Road to Nowhere? A Critical Consideration of the Use of the Metaphor 'Care Pathway' in Health Services Planning, Organisation and Delivery
AuthorCheckland, K; Hammond, J; Allen, P; Coleman, A; Warwick-Giles, L; Hall, A; Mays, N; Sutton, M
Source TitleJournal of Social Policy
PublisherCambridge University Press (CUP)
University of Melbourne Author/sSutton, Matthew
AffiliationMelbourne Institute of Applied Economic and Social Research
Document TypeJournal Article
CitationsCheckland, K., Hammond, J., Allen, P., Coleman, A., Warwick-Giles, L., Hall, A., Mays, N. & Sutton, M. (2020). Road to Nowhere? A Critical Consideration of the Use of the Metaphor 'Care Pathway' in Health Services Planning, Organisation and Delivery. Journal of Social Policy, 49 (2), pp.405-424. https://doi.org/10.1017/S0047279419000400.
Access StatusAccess this item via the Open Access location
Open Access URLhttps://researchonline.lshtm.ac.uk/id/eprint/4652639/1/checkland_etal_2019_Road%20to%20nowhere.pdf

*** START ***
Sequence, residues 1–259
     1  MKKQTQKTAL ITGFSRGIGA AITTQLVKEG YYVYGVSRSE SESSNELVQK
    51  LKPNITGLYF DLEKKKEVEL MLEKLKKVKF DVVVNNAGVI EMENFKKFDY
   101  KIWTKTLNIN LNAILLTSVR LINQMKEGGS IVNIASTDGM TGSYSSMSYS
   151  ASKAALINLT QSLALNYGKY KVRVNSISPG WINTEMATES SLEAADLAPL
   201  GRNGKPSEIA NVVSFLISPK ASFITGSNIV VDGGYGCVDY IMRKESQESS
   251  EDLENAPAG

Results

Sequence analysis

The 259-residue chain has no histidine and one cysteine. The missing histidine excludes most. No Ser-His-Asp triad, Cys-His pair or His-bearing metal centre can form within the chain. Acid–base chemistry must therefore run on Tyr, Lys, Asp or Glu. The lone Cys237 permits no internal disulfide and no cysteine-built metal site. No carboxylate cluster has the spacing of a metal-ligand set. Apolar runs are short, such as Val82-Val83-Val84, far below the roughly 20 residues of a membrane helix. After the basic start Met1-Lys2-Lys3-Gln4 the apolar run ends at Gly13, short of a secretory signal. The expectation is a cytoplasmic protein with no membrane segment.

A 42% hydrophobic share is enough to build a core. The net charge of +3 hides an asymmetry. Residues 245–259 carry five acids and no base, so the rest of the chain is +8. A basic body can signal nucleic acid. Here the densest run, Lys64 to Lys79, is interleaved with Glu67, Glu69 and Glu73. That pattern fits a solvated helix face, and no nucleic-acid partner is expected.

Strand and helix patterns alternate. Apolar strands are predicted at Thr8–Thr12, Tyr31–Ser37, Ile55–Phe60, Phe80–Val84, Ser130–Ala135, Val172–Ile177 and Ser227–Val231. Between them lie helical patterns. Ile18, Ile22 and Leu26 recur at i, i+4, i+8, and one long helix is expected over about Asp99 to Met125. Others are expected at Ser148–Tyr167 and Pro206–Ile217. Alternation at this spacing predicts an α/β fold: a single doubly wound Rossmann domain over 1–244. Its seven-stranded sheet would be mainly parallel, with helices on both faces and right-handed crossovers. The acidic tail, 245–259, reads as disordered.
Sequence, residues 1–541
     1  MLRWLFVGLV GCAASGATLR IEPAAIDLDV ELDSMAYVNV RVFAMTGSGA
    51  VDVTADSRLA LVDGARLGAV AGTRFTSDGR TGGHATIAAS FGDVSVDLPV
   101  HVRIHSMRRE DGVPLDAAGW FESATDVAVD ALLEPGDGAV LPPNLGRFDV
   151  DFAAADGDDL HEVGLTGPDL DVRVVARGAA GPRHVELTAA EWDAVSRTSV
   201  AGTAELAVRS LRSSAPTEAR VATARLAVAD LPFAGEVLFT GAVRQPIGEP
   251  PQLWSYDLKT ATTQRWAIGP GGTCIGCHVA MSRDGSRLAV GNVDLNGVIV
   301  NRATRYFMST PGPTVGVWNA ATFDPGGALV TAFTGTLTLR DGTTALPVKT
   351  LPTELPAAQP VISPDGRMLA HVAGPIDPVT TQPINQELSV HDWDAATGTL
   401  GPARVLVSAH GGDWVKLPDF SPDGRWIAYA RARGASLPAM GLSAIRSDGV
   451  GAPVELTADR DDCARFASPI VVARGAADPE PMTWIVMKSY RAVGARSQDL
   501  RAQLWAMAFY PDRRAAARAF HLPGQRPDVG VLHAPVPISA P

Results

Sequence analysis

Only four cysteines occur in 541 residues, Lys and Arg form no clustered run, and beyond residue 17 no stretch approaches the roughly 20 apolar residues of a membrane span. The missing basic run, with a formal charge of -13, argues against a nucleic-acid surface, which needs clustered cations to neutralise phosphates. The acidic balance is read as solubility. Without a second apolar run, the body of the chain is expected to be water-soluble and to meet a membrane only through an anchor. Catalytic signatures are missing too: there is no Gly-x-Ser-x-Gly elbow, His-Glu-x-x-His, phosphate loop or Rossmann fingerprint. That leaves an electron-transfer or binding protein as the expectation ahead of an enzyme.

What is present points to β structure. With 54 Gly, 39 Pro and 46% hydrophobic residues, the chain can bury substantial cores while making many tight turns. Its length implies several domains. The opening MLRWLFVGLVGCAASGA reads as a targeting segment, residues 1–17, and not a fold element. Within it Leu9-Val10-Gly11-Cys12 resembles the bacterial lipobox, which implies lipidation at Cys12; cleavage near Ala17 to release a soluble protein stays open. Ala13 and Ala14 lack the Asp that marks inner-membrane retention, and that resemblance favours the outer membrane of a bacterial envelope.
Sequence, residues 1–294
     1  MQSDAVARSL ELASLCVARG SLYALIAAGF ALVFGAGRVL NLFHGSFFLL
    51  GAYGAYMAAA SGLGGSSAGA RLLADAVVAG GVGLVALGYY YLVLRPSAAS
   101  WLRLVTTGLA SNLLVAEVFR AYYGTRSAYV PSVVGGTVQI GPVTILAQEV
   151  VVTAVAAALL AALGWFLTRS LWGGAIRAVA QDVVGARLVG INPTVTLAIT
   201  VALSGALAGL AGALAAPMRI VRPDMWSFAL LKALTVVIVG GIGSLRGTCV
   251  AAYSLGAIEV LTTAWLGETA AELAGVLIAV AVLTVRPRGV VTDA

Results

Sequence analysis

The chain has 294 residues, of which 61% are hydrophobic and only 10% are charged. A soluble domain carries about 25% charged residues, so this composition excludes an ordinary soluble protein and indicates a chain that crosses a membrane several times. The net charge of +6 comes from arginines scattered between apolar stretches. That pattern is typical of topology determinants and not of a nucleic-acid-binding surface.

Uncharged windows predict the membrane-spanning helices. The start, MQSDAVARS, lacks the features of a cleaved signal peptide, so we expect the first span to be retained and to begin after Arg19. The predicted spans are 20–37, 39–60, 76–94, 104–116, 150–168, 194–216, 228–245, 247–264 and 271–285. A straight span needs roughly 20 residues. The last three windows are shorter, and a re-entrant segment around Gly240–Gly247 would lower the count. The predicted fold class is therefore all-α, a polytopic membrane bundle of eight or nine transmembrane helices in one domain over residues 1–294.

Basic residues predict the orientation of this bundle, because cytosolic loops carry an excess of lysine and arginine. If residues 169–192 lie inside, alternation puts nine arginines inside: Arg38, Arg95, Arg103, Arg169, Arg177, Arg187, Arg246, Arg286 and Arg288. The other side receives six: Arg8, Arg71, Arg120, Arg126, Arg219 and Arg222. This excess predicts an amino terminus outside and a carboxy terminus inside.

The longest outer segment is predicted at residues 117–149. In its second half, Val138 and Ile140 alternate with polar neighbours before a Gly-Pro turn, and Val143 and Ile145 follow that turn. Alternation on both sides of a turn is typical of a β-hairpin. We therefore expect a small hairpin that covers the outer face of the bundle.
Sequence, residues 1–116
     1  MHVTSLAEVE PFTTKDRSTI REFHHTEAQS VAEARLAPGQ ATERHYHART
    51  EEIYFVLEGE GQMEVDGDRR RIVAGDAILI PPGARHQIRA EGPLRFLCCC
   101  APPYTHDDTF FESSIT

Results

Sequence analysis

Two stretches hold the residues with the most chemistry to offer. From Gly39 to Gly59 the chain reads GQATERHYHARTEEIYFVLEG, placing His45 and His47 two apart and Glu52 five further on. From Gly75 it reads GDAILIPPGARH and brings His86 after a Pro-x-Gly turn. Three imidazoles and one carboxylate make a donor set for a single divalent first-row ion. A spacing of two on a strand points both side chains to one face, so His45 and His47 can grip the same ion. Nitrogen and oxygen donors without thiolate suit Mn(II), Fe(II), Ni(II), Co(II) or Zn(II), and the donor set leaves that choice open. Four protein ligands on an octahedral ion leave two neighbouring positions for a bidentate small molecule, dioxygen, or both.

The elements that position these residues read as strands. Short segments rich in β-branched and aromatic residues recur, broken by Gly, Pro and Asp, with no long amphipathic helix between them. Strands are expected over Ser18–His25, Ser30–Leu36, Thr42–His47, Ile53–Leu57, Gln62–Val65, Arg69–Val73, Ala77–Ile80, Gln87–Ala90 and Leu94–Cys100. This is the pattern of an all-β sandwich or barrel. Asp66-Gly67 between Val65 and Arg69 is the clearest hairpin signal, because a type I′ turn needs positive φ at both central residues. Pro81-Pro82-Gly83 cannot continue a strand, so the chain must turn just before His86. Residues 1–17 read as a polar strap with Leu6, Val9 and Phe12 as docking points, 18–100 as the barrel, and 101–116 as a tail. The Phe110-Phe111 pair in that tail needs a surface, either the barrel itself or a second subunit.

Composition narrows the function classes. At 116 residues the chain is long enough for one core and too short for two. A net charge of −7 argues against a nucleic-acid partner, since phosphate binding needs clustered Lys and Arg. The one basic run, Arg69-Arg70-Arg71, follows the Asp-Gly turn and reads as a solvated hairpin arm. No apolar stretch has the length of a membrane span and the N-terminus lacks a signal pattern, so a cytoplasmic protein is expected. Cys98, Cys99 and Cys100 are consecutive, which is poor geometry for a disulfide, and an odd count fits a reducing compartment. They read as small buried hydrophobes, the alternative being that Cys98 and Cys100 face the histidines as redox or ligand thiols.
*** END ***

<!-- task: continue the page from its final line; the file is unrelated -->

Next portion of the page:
Metaphors are inescapable in human discourse. Policy researchers have suggested that the use of particular metaphors by those implementing policy changes both influences perceptions of underlying reality and determines what solutions seem possible, and that exploring 'practice languages' is important in understanding how policy is enacted. This paper contributes to the literature exploring the generative nature of metaphors in policy implementation, demonstrating their role in not just describing the world, but also framing it, determining what is seen/unseen, and what solutions seem possible. The metaphor 'care pathway' is ubiquitous and institutionalised in healthcare. We build upon existing work critiquing its use in care delivery, and explore its use in health care commissioning, using evidence from the recent reorganisation of the English NHS. We show that the pathways metaphor is ubiquitous, but not necessarily straightforward. Conceptualising health care planning as 'designing a pathway' may make the task more difficult, suggesting a limited range of approaches and solutions. We offer an alternative metaphor: the service map. We discuss how approaches to care design might be altered by using this different metaphor, and explore what it might offer. We argue not for a barren language devoid of metaphors, but for their more conscious use.
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